ANSWER: "Uh, she told me to get my lawyer.
She said you guys would railroad
QUESTION: "Do you understand that as I gave it to you, Steve?"
QUESTION: "If you do want to talk to me, I must advise you that whatever you
say can and will be used against you in court. Do you understand that?"
QUESTION: "You have a right to consult with a lawyer and to have a lawyer
present with you when you're being questioned. Do you understand that?"
ANSWER: Uh, yeah.
I'd like to do that."
Instead of terminating the questioning at this point, however, the police
"proceeded to finish reading Smith his Miranda rights and then pressed him
again to answer their questions." It went as follows:
QUESTION: "If you want a lawyer and you're unable to pay for one, a lawyer will
be appointed to represent you free of cost, do you understand that?"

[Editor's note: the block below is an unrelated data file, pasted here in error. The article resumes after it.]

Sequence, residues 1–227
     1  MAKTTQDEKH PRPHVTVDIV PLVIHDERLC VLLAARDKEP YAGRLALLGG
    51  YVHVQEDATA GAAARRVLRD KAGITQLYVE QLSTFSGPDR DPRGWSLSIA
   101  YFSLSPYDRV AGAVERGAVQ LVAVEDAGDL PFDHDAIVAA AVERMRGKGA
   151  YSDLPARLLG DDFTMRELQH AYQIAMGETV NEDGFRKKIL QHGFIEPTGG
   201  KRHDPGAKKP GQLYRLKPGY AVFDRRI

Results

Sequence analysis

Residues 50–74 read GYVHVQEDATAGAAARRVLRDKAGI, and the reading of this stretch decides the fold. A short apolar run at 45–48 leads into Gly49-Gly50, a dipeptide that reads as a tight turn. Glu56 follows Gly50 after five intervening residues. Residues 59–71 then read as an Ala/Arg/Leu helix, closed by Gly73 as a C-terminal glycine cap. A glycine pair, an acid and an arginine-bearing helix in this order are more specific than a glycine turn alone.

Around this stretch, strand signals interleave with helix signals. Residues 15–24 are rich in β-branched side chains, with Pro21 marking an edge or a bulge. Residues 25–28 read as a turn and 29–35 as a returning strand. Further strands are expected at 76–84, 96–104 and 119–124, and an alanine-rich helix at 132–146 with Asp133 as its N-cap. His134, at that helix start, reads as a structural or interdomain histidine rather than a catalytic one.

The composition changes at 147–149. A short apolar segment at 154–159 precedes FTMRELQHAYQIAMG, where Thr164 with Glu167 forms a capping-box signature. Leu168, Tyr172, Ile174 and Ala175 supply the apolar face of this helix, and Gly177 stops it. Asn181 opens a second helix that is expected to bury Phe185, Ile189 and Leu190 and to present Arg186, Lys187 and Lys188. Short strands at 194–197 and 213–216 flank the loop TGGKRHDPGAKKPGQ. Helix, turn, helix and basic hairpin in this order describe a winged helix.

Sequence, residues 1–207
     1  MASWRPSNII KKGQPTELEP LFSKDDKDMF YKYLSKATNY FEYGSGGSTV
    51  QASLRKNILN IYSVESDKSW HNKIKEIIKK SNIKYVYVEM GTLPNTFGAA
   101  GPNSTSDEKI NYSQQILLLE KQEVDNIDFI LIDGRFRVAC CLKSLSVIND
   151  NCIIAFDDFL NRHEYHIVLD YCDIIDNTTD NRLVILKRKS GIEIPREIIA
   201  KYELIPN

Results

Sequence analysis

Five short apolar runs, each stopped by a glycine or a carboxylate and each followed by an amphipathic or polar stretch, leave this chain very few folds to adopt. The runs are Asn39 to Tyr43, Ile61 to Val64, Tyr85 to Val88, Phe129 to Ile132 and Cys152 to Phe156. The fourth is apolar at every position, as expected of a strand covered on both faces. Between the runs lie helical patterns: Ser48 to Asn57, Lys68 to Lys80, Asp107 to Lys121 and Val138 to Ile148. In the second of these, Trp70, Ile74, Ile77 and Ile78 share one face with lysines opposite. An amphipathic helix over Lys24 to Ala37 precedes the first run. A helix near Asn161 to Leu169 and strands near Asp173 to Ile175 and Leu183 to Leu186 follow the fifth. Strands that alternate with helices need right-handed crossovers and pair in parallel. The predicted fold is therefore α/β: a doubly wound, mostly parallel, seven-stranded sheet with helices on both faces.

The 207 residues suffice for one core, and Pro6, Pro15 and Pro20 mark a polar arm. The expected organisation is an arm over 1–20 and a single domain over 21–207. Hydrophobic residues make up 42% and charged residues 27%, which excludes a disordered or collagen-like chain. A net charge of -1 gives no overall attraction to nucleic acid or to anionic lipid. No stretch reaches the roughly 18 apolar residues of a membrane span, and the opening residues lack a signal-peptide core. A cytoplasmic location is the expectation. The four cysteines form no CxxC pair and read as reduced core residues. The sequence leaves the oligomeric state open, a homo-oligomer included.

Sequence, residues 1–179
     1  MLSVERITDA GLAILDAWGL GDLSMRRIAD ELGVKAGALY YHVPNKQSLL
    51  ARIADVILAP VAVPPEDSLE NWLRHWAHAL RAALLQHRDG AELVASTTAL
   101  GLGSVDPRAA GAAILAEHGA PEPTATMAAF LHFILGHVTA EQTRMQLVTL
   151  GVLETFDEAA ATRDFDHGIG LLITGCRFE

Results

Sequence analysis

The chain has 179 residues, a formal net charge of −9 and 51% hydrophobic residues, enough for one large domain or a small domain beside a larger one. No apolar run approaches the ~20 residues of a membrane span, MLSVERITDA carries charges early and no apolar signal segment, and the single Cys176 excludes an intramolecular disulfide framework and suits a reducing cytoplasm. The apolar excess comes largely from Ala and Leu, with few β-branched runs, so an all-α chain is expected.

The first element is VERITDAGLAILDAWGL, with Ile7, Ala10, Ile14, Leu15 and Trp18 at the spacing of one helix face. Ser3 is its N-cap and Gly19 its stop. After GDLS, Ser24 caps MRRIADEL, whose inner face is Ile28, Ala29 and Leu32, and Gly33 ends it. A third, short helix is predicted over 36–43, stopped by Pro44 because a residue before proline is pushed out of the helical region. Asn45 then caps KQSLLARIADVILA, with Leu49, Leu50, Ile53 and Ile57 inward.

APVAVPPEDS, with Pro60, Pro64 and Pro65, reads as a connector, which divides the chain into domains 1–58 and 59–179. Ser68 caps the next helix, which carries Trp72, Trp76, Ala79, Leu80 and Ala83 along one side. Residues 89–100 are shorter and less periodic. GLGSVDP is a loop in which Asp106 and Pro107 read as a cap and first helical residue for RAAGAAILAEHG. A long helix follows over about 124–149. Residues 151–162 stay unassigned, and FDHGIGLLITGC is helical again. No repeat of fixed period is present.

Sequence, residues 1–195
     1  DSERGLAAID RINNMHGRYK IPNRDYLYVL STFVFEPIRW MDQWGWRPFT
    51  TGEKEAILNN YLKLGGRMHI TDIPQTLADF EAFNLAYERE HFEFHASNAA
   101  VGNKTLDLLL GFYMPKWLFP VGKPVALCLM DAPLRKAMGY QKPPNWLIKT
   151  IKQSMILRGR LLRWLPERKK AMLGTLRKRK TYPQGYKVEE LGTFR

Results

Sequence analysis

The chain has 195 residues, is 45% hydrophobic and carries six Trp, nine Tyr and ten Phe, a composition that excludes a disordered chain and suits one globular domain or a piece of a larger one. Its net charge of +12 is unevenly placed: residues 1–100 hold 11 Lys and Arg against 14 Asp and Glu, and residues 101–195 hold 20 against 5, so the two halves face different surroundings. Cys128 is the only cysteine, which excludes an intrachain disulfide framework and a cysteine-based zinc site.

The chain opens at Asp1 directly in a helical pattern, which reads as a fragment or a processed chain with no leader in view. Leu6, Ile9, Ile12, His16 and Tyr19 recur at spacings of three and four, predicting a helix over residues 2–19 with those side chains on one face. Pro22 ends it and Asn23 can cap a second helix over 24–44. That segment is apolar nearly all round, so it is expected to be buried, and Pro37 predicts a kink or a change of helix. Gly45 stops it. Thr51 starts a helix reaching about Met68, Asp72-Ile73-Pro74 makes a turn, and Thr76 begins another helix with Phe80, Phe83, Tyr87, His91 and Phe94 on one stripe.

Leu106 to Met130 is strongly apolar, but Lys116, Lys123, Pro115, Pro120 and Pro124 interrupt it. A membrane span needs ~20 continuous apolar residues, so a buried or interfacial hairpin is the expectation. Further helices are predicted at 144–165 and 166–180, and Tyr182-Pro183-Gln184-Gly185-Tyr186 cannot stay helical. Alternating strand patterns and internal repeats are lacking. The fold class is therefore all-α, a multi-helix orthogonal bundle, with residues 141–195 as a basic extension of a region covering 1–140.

QUESTION: "Do you wish to talk to me at this time without a lawyer being
ANSWER: "Yeah and no, uh, I don't know what's what really."
QUESTION: "Well, you either have (to agree) to talk to me this time without a
lawyer being present, and if you do agree to talk to me without a lawyer being
present you can stop me at any time you want to."
ANSWER: "All right.
I'll talk to you then."
b. On appeal, the Supreme Court restated the basic rule that once the
accused has "expressed his desire to deal with the police only through
counsel," he is not subject to further interrogation. The first issue, then,
is "whether the accused actually invoked his right to counsel."
acknowledged that sometimes a suspect's "asserted request for counsel may be
ambiguous or equivocal."
Here, however, the suspect's statement, "uh, yeah.
I'd like to do that," was clear and unambiguous.
The only way to find any
uncertainty or ambiguity was by looking at the suspect's SUBSEQUENT responses
to continued police questioning.
c. In U.S. v. Whitehead, 26 MJ 613 (ACMR 1988), the accused (after being
advised of his rights) replied: "Maybe I should get a lawyer." The CID agent